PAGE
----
Rather than compliance, we need to be talking about helping children foster core-values that they are willing to fight for. Some issues in our society today should be placed beyond the cost-benefit calculus of personal gain. And the current movement against police brutality is one of them.
The South Asian silence when it comes to police brutality and the targeting of black communities in this country is deafening. We see the same sort of attitude that my friend had espoused because it doesn’t seem to be a direct threat to any of our everyday activities. But this is where we are grossly mistaken. There is not a single instance of such injustice that does not create a more hostile and dangerous environment for everyone living in this country.
We’re Beneficiaries of This System
Every single black person who has been murdered for their race has died because of a system that has been set up to perpetuate oppression. And anyone who benefits from such a system has the moral responsibility and obligation to do something to intervene and put an end to it. And believe it or not, we as South Asians benefit from this system in so many ways. Instead of listing out the various ways in which we’re beneficiaries of this system, I would encourage you to watch this video by comedian and political commentator, Hasan Minhaj:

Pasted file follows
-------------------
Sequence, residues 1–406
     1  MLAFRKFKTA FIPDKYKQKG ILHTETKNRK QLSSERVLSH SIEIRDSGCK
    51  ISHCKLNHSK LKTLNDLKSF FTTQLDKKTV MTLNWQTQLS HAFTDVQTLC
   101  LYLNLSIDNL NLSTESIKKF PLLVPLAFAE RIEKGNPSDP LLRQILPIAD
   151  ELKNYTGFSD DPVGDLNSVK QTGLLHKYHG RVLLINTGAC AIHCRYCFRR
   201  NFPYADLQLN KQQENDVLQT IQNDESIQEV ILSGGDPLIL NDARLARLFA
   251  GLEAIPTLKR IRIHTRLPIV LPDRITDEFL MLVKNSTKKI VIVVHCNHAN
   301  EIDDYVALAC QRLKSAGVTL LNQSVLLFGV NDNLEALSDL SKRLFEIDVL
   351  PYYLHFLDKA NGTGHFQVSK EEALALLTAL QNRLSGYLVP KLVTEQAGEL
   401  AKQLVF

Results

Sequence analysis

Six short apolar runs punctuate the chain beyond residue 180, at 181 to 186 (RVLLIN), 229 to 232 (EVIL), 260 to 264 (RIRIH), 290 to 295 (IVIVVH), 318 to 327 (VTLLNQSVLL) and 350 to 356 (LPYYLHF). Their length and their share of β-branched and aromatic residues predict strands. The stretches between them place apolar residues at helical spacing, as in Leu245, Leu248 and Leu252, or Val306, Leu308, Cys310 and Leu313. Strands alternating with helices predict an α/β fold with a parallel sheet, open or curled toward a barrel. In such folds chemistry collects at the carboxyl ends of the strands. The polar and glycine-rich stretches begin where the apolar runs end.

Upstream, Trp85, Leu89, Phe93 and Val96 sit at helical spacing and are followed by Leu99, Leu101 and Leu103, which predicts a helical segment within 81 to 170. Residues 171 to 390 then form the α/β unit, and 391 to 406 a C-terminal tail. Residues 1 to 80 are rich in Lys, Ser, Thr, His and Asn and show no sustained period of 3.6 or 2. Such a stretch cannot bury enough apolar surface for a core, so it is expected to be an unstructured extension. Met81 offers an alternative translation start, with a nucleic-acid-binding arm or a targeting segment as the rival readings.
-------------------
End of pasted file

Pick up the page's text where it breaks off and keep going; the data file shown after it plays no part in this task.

We Cannot Stay Silent About George Floyd | Patriot Act Digital Exclusive | Netflix https://youtu.be/i_FE78X-qdY
South Asians in this country are seen as a model minority, and with that status comes some amount of pressure to conform to the legal and social mores of this country. But there comes a time when such expectations and pressures are to be ignored and adherence to authority must be balanced with the need for challenging the status quo and uprooting institutions that are based on discrimination and prejudice.
So today, I ask you to rethink how different the world would be if people fought for what they believed in? If people engaged in difficult conversations with people close to them who seem to espouse racist sentiments?
If people didn’t see the advocacy and something that should only be left to those who are directly affected by the issue at hand? If people didn’t just prioritize their own well-being, but also that of the community that they live in? What if we lived in a world where we wouldn’t end up with no one left to speak for us because we would all be standing up for each other?
Gowri Nayar is a recent graduate of the University of California, Berkeley, and is interested in pursuing a career in the legal field, with a special emphasis on constitutional law and civil liberties. Her undergraduate education was mainly focused on courses that helped her understand the complex ways in which various hierarchies and systems of domination operate with our society today. She hopes to be able to use her unique perspective as a first-generation South-Asian immigrant and as a daughter of a single parent, to make a positive and meaningful impact in her community.